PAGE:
Mid-side (M/S) processing may not be the most popular style of processing when it comes to stereophonic audio but it’s certainly effective in some situations. Combine this fact with the power of equalization and it makes perfect sense that mid-side EQs would exist in the realm of audio technology.
What is mid-side equalization? A mid-side EQ will have the ability to EQ the centre and side (left/right) channel of a stereo audio track/file independently. These EQ units/plugins can be of any EQ type including graphic, parametric, semi-parametric, dynamic, etc. but act specifically on mid and side information independently.
In this article, we’ll describe mid-side equalization with a focus on mid-side processing and general EQ. We’ll consider a few mid-side EQ unit examples along with the situations and applications that call for mid-side equalization.
What Is Mid-Side Processing?
Let’s begin by discussing the idea of mid-side and mid-side processing.
Mid-side audio is similar to stereo audio in the fact that it represents a stereo image with 2 channels. However, unlike stereo (which has a left channel and a right channel), the mid-side has a mid-channel and a side-channel.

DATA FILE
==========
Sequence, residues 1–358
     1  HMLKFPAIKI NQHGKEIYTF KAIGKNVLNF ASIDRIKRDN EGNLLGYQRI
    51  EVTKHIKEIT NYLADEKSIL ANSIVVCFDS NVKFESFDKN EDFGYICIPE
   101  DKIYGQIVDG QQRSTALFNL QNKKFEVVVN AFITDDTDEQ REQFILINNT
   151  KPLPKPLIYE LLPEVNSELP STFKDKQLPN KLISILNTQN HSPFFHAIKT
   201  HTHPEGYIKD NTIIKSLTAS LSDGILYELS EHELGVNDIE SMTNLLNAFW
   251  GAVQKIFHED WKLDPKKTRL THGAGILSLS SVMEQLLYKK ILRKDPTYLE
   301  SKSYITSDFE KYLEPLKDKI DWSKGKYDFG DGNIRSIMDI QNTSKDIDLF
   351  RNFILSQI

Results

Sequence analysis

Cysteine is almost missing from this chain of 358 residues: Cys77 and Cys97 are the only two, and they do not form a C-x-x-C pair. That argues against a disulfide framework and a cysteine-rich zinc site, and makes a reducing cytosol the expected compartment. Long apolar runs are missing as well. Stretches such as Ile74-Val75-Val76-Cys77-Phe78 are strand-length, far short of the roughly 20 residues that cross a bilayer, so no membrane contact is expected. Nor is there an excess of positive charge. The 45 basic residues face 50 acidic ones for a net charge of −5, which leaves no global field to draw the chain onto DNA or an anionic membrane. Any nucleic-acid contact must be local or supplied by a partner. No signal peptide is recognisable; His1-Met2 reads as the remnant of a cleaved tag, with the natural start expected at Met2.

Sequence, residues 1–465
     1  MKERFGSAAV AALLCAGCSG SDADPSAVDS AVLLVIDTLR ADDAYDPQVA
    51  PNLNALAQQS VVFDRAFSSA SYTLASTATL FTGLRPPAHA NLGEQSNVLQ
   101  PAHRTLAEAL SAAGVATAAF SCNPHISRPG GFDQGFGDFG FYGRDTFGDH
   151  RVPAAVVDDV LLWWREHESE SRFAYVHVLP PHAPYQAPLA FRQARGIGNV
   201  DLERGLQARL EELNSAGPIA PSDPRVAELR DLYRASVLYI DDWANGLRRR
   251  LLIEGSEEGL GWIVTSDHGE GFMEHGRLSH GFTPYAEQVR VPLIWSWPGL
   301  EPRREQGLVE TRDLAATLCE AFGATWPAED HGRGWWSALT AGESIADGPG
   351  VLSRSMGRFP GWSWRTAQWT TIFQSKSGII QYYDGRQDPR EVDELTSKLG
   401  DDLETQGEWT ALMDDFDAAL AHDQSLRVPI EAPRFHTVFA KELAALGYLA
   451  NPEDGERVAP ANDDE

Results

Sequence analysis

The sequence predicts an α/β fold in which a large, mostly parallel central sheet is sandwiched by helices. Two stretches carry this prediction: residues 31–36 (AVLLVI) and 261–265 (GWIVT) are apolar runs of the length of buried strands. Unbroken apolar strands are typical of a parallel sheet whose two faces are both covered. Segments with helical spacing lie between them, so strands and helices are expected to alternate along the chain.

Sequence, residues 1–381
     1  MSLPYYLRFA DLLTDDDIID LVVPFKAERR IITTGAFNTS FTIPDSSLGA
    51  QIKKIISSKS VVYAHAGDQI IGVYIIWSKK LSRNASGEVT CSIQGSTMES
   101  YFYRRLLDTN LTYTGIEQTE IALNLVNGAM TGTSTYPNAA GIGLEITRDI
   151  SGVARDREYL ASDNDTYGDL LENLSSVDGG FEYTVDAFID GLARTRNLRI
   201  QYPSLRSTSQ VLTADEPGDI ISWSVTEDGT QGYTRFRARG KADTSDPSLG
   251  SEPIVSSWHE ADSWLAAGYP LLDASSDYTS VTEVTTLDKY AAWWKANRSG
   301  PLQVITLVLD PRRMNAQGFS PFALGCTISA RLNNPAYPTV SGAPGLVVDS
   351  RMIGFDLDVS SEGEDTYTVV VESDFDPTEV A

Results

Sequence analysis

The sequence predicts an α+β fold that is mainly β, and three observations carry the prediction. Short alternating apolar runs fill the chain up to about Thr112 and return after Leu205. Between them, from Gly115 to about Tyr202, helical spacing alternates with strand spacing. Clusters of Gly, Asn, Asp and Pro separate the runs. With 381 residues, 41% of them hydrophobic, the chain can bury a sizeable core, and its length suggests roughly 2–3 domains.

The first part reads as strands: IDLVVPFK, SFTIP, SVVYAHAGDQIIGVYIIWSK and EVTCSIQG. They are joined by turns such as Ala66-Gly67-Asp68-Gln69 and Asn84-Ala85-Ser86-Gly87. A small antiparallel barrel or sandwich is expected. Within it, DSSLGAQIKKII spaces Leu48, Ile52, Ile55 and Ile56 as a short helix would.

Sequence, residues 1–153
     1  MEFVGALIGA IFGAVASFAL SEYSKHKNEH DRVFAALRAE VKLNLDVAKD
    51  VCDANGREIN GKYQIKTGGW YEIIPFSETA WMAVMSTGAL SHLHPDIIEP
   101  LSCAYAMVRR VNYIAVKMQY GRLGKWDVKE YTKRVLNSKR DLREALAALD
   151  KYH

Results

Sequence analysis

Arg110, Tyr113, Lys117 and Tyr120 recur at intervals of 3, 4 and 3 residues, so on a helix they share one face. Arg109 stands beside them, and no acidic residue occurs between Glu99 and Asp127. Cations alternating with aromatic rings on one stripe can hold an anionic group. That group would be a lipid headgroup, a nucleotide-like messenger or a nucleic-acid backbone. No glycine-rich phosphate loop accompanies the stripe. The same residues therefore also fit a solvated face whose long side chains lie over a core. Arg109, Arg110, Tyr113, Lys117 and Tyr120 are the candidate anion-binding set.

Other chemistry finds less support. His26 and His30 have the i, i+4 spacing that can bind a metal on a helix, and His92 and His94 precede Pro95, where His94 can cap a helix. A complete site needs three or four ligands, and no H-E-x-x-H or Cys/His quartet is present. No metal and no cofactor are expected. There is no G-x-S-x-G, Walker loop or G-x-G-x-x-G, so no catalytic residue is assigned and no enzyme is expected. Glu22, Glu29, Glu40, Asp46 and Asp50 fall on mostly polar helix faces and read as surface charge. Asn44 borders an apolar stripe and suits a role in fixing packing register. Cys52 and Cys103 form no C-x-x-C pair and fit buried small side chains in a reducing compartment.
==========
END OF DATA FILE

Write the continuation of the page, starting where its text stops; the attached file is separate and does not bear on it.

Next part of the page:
Note that, though mid-side is a powerful processing technique, it is rarely used in signal transfer. What I mean to say is that devices (hardware or software) that have mid-side processing capabilities will generally not have “mid-side” inputs or “mid-side” outputs.
Rather, these mid-side processors will have stereo inputs and outputs and will have mid-side encoders and decoders to effectively change the input stereo signal to mid-side; process it in mid-side, and change it back to stereo for the output.
The mid-channel, as the name would suggest, represents the information in the centre or middle of the audio’s stereo field. In other words, the mid-channel holds information that is common between the encoded left and right stereo channels.
The side channel, as the name would suggest, represents the information to the sides (left and right) of the audio’s stereo field. Put another way, the side channel holds information that is different between the encoded left and right channels.
The routing required to change stereo audio into mid-side audio can be visualized in the following signal flow chart:
Similarly, the routing required to change from mid-side back to stereo can be visualized with the next signal flow chart:
It’s important to note that, when decoding a mid-side-processed audio file, that we must reduce each channel by 3 dB to compensate for the fact that the stereo-to-M/S transitioning causes a doubling of level in both the mid and side channels.